Call on supermarket companies to end ‘cosmetic discrimination’

A Melbourne mum takes over Australia Super Market A giants Petition Demands to start selling makeup for all skin tones.

Rebecca Willing, of Indian descent, says she suffers from not being able to buy makeup that suits her at any Australian supermarket – store or online.

Results Woolworths, Coles et al Selling only the lighter shades of make-up is a kind of discrimination and forcing women of color to sometimes double the price from products they buy online or from make-up stores, he told
A busy mum-of-two, Rebecca Wilning said she would love to have the same opportunity as other Australians with lighter skin tones to dress up at an affordable price during her grocery store.
A busy mum-of-two, Rebecca Willing said she would love to get the same opportunity as other Australians with lighter skin tones to dress up at an affordable price during her grocery store. (Rebecca Willing)

“I moved from the UK to Australia when I was 15 and it will always be in supermarkets,” he said.

“For the past 20 years, it has been basically impossible to buy makeup for any brand of dark colors in the Macbeth aisle.

“My relatives in the UK couldn’t believe it because all the shades are available on supermarket shelves. You can go to Tesco and Asta and there are all shades of brown. It’s the same in the US, so I don’t know why we’re lagging behind in Australia,” he said.

Until last Friday – Ms Willing said she had not hesitated to decorate her local Woolworth store for years – she was excited when she went to see a new beauty range.

“MCoBeauty is a new company that has just come out, they use culturally different models, and they advertise and beat all of these shades online, so I thought‘ OK, let’s see this, ’” he said.

The face of Australian comedian Celeste Barber, the products only sell on Woolworths and Big W, were advertised at half price last week.

Advertising for MCoBeauty cosmetics featuring different models.
Advertising for MCoBeauty cosmetics featuring different models. (MCoBeauty)

But when Ms Willing came to the makeup aisle, she saw the same old problem. Eight bottles in a “ivory” shade found the base, and 12 tons of brown.

“I tried another Woolworths, they had none. The manager checked the computer and found that the dark color sold in any store was ‘medium brown’,” he said.

“Actually, the darkest color available for purchase online at both Woolworths and Big W is‘ medium brown ’.

“It makes me so angry. It’s so disgusting.

When Ms Willing contacted Woolworths and MCoBeauty she was told it could be purchased online through MCoBeauty.

But for $ 28 for foundation and sh10 shipping, Ms Willing said customers who buy lighter shades at the Woolworths store will have to pay $ 38 to buy online through MCoBeauty instead of $ 13.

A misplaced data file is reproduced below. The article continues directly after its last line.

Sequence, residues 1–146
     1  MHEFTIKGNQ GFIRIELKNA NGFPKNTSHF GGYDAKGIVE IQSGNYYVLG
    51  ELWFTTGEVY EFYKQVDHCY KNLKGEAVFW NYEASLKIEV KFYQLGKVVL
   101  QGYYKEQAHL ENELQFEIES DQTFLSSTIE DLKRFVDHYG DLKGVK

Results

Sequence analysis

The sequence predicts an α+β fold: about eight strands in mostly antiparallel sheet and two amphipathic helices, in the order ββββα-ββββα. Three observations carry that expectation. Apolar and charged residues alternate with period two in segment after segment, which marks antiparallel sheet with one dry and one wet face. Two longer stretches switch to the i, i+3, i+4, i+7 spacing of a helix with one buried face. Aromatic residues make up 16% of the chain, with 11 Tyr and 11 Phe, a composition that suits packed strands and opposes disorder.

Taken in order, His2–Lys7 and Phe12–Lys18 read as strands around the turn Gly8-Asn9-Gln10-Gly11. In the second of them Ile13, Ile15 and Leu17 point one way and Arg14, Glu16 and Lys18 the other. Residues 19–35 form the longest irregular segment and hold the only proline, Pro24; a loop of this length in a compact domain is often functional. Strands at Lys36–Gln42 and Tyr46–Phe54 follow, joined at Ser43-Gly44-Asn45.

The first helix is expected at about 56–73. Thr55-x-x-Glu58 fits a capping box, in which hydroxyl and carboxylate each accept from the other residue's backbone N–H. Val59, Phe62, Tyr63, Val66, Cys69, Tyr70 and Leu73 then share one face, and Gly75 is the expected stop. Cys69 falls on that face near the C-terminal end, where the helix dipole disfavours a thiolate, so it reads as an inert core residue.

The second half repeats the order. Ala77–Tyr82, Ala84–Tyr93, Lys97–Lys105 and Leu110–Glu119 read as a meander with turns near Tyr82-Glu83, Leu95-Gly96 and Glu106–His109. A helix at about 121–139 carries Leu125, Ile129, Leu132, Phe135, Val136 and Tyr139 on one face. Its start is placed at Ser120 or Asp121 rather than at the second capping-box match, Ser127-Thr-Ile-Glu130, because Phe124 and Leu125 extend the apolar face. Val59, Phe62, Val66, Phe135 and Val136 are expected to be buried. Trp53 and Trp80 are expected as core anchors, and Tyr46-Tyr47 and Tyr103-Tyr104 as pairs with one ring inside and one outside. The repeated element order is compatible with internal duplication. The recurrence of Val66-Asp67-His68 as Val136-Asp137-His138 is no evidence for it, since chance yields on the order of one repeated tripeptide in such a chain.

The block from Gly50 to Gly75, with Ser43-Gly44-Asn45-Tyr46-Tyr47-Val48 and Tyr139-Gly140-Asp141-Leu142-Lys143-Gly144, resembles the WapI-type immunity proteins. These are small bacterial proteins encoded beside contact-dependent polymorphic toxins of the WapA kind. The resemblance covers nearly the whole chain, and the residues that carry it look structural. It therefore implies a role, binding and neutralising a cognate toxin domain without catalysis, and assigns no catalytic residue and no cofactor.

“Denying access to products for people with certain skin tones and paying more for the same product is a kind of discrimination and completely unacceptable,” he said.

A Online Petition Launched by Mrs. Willing, it has attracted more than 1000 signatures in two days, and many women have commented that she has struggled with the same issue.
MCoBeauty (left) and shades sold by Big W and Wollworth stores (right).
MCoBeauty (left) and shades sold by Big W and Wollworth stores (right). (Provided)

While some may find the availability of makeup in supermarkets a trivial matter, Ms Willing said the issue is far greater than makeup.

“My three-year-old daughter has slightly lighter skin than me, but is still darker,” he said.

“I do not want her growing up without trying to do makeup with her friends who are in stores. I want her to feel included. I want her to see the color references on the shelves.

“It feels like we’re invisible. Supermarkets do not want us to appear or be a part of this general beauty. It’s like we’re not.”

Ms Willing said there may be a much larger market for darker makeup shades than supermarkets realize, but even then, supply should not be dictated by demand at this event.

“While only a small percentage of the population needs these colors, it is being ignored and excluded by hundreds of thousands of people in Australia,” Ms Willing said in her petition.

“Supermarket and retail store results for purchasing products related to customers’ skin color should not be considered the same as buying chips from popular chips to store shelves – cosmetic shades are not an ‘option’ for customers in dark colors.”

A spokesman for Woolworths aims for its supermarket range to reflect the diverse mix of its customers.

“At the entire supermarket we select products based on the quantity of demand, but we understand that we need a different approach to deliver a more inclusive range of cosmetics,” Spokesman said.

“We have previously tested a wide selection of cosmetic tones online to help our customers improve our store and the cosmetics we offer online.”

A Coles spokesman told Supermarket chain “Celebrated diversity”.

“We work with our suppliers to provide a wide variety of cosmetics and cater to the needs of our customers. We appreciate customer feedback and are always looking for ways to enhance our offering. We will review the opportunity to increase our range online with customer request.”

When contacted by, Aldi declined to comment.

A spokesman for MCoBeauty said the company wants to save its entire range on Woolworths and Big W, which understands that this is not possible due to layered space limitations.

“We continue to provide online advertising We offer free shipping to customers at affordable prices with our brick and mortar retailers, ”he said.

Contact reporter Emily McPherson at [email protected]

Sophia Harrison

Part time worker

I'm Sophia Harrison working as a part-time staff at the Costco since the past year until I become as an author at the iron blade, hope I can use my experiences with the supermarkets here.

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